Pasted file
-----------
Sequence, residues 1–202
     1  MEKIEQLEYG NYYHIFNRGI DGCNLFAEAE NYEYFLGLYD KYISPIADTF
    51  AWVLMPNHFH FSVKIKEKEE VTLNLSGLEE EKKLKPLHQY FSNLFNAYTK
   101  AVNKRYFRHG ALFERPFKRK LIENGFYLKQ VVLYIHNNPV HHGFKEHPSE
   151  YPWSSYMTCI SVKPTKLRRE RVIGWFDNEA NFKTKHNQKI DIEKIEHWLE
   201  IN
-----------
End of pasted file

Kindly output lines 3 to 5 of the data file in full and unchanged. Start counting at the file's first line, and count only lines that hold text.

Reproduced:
    51  AWVLMPNHFH FSVKIKEKEE VTLNLSGLEE EKKLKPLHQY FSNLFNAYTK
   101  AVNKRYFRHG ALFERPFKRK LIENGFYLKQ VVLYIHNNPV HHGFKEHPSE
   151  YPWSSYMTCI SVKPTKLRRE RVIGWFDNEA NFKTKHNQKI DIEKIEHWLE